The Query - The Final Paragraph
You’ve written your polite, professional salutation, you’ve carefully crafted an intriguing summary filled with character and conflict, now there’s only one more bit of business—your credentials. What are credentials for a writer? First of all, if you’re writing a non-fiction book, you don’t necessarily have to have any writing experience if you’re already an expert in the field around which your book is centered. Your job is easy. List your degrees, your profession, your speaking engagements, and you’re off.
If, on the other hand, you are writing fiction, credentials are any writing you have ever done that has seen the light of print. If you have published short stories, a novel with a small press, poems, had a play produced at a local playhouse—list these, of course. If you’ve ever written for a newspaper, no matter how small, list this. Let the agent know if you’re a technical writer, a copywriter, or a lyricist. If you edited your college newspaper, if you majored in creative writing, list these as well. If you have a popular blog, this can also be listed. Anything at all that shows you have a working knowledge of the English language is worth mentioning.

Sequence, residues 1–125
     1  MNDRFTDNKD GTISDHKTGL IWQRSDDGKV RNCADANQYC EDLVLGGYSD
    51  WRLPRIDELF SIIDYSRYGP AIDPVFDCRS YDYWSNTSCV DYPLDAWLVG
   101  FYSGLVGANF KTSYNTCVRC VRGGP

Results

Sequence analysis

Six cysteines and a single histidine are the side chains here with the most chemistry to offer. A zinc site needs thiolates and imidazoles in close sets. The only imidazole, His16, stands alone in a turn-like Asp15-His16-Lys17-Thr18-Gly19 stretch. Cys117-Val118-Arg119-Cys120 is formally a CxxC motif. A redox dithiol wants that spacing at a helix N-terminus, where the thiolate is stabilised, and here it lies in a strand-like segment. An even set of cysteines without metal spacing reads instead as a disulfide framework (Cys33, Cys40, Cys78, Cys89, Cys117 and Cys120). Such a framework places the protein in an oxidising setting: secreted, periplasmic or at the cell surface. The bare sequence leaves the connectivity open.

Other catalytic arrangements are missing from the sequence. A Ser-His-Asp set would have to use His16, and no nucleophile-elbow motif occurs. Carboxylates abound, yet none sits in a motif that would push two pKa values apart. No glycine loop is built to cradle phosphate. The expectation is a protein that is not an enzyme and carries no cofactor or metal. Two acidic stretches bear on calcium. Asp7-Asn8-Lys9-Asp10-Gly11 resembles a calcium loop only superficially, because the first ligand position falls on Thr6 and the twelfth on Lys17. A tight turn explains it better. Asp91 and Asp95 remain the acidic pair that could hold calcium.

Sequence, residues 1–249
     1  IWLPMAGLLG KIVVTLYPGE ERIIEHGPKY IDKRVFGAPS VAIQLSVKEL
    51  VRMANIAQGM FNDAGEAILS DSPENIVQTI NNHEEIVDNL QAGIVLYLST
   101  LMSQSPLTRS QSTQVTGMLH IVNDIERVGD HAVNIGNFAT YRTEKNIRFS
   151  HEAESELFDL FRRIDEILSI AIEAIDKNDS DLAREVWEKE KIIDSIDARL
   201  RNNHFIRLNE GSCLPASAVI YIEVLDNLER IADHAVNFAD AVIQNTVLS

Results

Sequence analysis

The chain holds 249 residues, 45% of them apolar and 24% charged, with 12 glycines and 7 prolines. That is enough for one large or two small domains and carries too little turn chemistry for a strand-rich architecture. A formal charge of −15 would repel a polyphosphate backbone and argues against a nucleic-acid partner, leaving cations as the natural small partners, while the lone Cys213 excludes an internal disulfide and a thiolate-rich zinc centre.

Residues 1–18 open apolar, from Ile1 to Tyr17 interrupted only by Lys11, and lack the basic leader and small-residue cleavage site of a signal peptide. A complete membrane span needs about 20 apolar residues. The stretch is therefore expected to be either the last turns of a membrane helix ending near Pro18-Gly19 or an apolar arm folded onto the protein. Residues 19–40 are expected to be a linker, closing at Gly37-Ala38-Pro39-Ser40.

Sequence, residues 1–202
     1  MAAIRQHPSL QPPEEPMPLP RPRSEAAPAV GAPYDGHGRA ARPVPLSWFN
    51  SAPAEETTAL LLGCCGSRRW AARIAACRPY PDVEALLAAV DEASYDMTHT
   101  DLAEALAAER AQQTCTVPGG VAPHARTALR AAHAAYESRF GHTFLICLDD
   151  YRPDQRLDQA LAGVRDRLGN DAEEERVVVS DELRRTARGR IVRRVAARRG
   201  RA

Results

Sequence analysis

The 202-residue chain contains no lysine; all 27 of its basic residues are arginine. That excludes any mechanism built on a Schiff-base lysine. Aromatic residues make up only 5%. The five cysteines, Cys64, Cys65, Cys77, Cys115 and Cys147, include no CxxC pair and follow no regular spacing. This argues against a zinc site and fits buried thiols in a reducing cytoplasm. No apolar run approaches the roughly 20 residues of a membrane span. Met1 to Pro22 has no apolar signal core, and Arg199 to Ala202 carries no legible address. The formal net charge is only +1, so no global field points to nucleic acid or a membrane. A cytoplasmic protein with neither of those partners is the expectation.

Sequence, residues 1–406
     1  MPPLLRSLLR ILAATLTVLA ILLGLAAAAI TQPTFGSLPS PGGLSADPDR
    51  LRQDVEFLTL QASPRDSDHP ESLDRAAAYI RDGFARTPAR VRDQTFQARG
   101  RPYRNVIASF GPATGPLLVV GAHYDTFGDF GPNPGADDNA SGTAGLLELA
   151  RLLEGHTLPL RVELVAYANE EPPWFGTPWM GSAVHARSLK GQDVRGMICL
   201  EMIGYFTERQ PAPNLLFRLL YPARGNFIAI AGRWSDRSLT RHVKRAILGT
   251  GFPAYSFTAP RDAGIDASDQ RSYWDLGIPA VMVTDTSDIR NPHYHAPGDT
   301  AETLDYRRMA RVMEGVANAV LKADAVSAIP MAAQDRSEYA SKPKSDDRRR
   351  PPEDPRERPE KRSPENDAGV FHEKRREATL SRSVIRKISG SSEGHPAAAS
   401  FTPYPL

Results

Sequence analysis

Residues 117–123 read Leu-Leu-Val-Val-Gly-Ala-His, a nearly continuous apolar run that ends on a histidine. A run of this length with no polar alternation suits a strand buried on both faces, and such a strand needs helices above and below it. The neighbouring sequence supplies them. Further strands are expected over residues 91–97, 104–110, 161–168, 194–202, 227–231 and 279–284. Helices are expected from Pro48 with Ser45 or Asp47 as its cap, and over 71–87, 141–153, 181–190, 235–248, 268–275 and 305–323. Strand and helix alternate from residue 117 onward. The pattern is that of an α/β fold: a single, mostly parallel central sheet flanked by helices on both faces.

Also, if your novel deals with, say, a murder in an upscale restaurant’s kitchen, indicate that you worked for five years as a sous chef. If you are writing a crime procedural you might want to mention how you are a retired homicide detective. Anything to lend credence to your authority with a given subject.
But if you have not published anything, if you don’t have a degree in fiction, or have never written for a newspaper or made a living as a copywriter—if, in short, all you’ve done is sit down and worked as hard as you could on your first novel—don’t despair. Everyone starts somewhere. Thank the agent again, perhaps drop a line about being hard at work on your next novel, and say good-bye. It’s possible there will be agents who won’t consider your work because you haven’t proven yourself yet, but if you have a good story to tell, someone somewhere will recognize this and give you chance to prove it.